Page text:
I have never considered myself as a fitness photographer. But, as I noticed I had more and more “fitness” people booking me for photo sessions, I started to think about the correlation between the fitness community and how women are photographed and portrayed.
My Truth in You series started out of love for women. I felt like there were a certain number of women who were not being photographed because they were not fitting into a box that society had defined for them.
Women are photographed when they get engaged, when they get married, when they get pregnant, when they become a mother, and when they get a job and their boss needs a headshot, etc. But what if you are not fitting in any of these “roles”, or what if you are in one of these “roles” but feel out of touch with these stereotypes about what a woman should be and do? Do you become suddenly invisible to society?
The older I get, the more I find myself rejecting society’s representation of beauty in favour of the quiet, unassuming, confident, and profound beauty of a woman who’s truly lived. A woman who’s abandoned the unattainable quest for perfection and surrenders to the joyful beauty that comes with each different age, stage, and experience.
I also had an issue with the unified image of bodies in the media. We have been bombarded for years with images of one type of body and I felt like something was lacking. The way women are portrayed in ads or in boudoir sessions made me feel uncomfortable. Why were all these women photographed essentially for the male gaze when most of the customers are also women?
So when a few of my clients happened to be also involved in the fitness community, I realized there was a change happening there. Finally, there was a space for portraiture which puts women first, which takes the sexualization of bodies out of the picture (literally and figuratively).
Yes, we all know women are strong and powerful, and they can do amazing things. We all know there are teachers, instructors and role models in the fitness community. But there is still this idea that fitness women should look a certain way.
But the women I photographed for my Truth in You series were all unique and clearly stood strong and said: “this is me, this is who I am, accept me as I am.” They all have different stories, different struggles and all see fitness not as a way to become “perfect” or fit a certain box, but a way to assert themselves and become the best version of themselves.
I asked a few of my clients to tell me what fitness means to them, and how a photo session helped celebrate who they are, unapologetically. I realized these sessions and the photos had nothing to do with “looking perfect” or trying to fit into the beauty standards. It had nothing to do with looking skinny, or looking pretty in photos. But rather, it has everything to do with showing the strength they felt. It was about them stepping into their own truth. It was about self-acceptance, self-love and owning the truth in themselves.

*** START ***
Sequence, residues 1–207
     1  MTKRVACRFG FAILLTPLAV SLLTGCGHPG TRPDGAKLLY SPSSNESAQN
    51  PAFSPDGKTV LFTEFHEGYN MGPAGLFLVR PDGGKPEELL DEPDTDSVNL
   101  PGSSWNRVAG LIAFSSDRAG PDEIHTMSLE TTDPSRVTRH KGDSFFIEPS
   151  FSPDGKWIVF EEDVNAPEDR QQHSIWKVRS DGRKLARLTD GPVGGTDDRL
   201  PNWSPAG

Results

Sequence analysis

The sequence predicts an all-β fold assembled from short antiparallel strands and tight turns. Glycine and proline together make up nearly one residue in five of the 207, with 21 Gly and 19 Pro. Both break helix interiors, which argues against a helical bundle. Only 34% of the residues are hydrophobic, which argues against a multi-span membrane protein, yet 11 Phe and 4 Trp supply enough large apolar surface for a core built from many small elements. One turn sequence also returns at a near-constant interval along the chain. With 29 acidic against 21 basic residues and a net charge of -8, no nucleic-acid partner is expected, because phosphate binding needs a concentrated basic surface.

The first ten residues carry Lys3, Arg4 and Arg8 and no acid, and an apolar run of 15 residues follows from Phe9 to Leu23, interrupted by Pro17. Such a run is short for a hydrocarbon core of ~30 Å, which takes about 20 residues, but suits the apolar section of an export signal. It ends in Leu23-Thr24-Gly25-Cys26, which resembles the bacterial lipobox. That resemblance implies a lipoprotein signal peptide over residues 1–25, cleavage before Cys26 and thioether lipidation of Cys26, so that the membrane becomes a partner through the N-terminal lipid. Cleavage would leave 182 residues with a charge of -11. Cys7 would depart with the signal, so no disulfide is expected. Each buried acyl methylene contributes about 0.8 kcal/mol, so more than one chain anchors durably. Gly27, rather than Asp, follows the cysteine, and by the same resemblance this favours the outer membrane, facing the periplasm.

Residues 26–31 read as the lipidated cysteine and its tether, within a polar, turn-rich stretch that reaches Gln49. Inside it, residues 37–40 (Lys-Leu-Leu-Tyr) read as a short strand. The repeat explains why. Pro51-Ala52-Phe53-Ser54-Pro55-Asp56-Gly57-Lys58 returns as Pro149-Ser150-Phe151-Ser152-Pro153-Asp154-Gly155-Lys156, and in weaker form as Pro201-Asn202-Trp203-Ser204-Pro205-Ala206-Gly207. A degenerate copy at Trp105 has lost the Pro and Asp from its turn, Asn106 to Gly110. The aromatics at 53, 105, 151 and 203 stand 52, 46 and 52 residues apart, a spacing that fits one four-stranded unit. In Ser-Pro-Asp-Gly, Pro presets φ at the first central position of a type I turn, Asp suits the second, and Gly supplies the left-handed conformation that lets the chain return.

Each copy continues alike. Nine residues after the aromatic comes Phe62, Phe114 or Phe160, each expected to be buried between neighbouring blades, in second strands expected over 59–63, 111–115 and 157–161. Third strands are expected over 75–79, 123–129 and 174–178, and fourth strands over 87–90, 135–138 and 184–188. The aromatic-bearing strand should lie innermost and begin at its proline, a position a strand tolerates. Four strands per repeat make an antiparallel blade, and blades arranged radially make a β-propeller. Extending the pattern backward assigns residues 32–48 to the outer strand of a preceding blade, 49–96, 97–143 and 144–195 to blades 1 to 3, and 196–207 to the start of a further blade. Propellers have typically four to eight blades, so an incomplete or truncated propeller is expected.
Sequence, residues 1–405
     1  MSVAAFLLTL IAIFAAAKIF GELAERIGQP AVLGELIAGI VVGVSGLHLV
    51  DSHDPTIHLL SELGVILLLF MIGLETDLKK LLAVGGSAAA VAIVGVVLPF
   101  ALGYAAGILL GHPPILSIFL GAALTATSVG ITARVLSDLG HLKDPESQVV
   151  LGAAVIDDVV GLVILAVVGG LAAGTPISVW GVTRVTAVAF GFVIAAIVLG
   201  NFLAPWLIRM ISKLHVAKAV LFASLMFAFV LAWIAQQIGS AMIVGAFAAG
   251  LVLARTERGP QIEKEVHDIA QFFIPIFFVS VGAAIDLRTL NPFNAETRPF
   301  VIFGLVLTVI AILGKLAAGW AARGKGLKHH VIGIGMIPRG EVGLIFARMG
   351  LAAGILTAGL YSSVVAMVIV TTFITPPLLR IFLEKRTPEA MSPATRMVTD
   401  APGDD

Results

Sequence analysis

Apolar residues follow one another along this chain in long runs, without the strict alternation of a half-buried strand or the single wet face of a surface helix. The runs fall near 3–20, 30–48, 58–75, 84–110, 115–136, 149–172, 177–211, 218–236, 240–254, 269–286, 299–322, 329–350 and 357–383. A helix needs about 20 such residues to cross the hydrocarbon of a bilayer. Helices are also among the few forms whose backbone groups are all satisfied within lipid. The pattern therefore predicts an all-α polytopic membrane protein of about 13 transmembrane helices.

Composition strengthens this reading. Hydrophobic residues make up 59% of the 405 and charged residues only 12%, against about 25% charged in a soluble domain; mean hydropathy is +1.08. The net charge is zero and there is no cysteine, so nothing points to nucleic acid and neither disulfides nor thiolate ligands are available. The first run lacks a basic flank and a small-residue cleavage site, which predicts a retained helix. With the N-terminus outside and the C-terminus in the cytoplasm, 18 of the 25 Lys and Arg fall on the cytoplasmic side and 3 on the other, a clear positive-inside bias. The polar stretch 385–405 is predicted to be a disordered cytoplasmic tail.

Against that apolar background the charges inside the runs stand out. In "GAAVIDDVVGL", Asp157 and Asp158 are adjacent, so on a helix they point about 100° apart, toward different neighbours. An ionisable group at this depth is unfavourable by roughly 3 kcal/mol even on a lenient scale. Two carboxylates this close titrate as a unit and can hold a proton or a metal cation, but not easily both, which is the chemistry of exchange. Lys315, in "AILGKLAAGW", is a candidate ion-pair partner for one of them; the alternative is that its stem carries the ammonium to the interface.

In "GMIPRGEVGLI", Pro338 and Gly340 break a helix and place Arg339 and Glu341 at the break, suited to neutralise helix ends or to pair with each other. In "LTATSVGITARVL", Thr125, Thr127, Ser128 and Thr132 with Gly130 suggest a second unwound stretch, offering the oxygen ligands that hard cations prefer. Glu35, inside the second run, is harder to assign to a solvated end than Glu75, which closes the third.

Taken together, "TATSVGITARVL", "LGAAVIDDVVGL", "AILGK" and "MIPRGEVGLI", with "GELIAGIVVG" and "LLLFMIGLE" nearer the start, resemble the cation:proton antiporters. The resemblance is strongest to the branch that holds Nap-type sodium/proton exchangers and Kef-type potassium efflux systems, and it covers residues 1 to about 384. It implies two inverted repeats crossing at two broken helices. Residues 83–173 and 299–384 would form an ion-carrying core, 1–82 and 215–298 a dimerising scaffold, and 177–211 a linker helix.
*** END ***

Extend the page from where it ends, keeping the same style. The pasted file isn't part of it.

I must say I had the wrong idea of what fitness photos were supposed to be. I thought it was about appearances and unreachable beauty standards. And these women helped me see my own bias, and learn from my own mistakes. It forced me to really check in with myself. To stop doing what society has been doing to women for years, to never put someone in a box and assume I know their story, their truth and the drive behind what they are doing. To always assume that I don’t know and that my job is to document whatever story they want to tell. To always be there when they are ready to step into their truth.
Our photo session was empowering, and a reminder that fitness is a lifestyle. Fitness is something that we need to remind ourselves that we have a privilege of doing, and that rather than saying I ‘have’ to work out, I’m blessed to say that I can.
The photos represent a reminder that I am uniquely me. That my truth radiates through the confidence and body positivity that is portrayed and behind every smile – “this is me, here I am.”
To me, fitness is ultimately acquiring a level of health, and to be healthy is to be honest with what makes you happy mentally as well as physically. The portraits from my shoot with Emilie were real, raw, and easy. After all, being yourself shouldn’t be that difficult. Her portraits have depth, evoke emotion, and reveal an inner strength.
Fitness is a huge part of my life. Getting to and maintaining a level of fitness that is healthy and sustainable for my lifestyle is what I wanted to celebrate with this shoot. My photos are a great reminder of the strength and positive mindset I now have after overcoming some significant health challenges.
By Emilie Iggiotti – Portrait Photographer